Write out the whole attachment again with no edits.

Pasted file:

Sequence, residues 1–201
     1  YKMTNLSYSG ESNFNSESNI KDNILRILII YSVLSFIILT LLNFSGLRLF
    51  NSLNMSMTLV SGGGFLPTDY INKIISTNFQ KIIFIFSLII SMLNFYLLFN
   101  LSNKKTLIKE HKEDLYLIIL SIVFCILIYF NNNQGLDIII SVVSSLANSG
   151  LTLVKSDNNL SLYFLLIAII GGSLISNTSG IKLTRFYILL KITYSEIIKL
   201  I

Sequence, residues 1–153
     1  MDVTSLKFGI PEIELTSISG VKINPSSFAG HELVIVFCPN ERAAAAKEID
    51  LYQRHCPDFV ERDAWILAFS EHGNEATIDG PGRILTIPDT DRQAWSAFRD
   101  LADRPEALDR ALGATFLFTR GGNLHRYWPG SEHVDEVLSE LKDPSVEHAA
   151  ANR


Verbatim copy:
Sequence, residues 1–201
     1  YKMTNLSYSG ESNFNSESNI KDNILRILII YSVLSFIILT LLNFSGLRLF
    51  NSLNMSMTLV SGGGFLPTDY INKIISTNFQ KIIFIFSLII SMLNFYLLFN
   101  LSNKKTLIKE HKEDLYLIIL SIVFCILIYF NNNQGLDIII SVVSSLANSG
   151  LTLVKSDNNL SLYFLLIAII GGSLISNTSG IKLTRFYILL KITYSEIIKL
   201  I

Sequence, residues 1–153
     1  MDVTSLKFGI PEIELTSISG VKINPSSFAG HELVIVFCPN ERAAAAKEID
    51  LYQRHCPDFV ERDAWILAFS EHGNEATIDG PGRILTIPDT DRQAWSAFRD
   101  LADRPEALDR ALGATFLFTR GGNLHRYWPG SEHVDEVLSE LKDPSVEHAA
   151  ANR